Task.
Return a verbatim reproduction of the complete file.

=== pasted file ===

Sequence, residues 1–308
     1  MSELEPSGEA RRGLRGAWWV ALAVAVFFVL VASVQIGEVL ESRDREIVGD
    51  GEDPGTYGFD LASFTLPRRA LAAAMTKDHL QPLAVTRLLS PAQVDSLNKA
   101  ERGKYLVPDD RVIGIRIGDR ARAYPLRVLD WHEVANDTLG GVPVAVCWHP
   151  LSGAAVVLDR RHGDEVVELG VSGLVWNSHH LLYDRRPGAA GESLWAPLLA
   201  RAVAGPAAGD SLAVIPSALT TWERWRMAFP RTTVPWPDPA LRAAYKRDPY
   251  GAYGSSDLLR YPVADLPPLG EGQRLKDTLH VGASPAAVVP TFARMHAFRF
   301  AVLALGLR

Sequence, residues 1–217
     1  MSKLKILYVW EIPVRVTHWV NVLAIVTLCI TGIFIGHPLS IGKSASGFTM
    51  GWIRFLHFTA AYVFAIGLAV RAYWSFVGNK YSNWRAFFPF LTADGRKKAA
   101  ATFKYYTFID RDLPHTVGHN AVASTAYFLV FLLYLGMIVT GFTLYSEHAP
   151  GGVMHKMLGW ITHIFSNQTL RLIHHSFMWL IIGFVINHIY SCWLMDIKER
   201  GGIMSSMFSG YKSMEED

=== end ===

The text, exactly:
Sequence, residues 1–308
     1  MSELEPSGEA RRGLRGAWWV ALAVAVFFVL VASVQIGEVL ESRDREIVGD
    51  GEDPGTYGFD LASFTLPRRA LAAAMTKDHL QPLAVTRLLS PAQVDSLNKA
   101  ERGKYLVPDD RVIGIRIGDR ARAYPLRVLD WHEVANDTLG GVPVAVCWHP
   151  LSGAAVVLDR RHGDEVVELG VSGLVWNSHH LLYDRRPGAA GESLWAPLLA
   201  RAVAGPAAGD SLAVIPSALT TWERWRMAFP RTTVPWPDPA LRAAYKRDPY
   251  GAYGSSDLLR YPVADLPPLG EGQRLKDTLH VGASPAAVVP TFARMHAFRF
   301  AVLALGLR

Sequence, residues 1–217
     1  MSKLKILYVW EIPVRVTHWV NVLAIVTLCI TGIFIGHPLS IGKSASGFTM
    51  GWIRFLHFTA AYVFAIGLAV RAYWSFVGNK YSNWRAFFPF LTADGRKKAA
   101  ATFKYYTFID RDLPHTVGHN AVASTAYFLV FLLYLGMIVT GFTLYSEHAP
   151  GGVMHKMLGW ITHIFSNQTL RLIHHSFMWL IIGFVINHIY SCWLMDIKER
   201  GGIMSSMFSG YKSMEED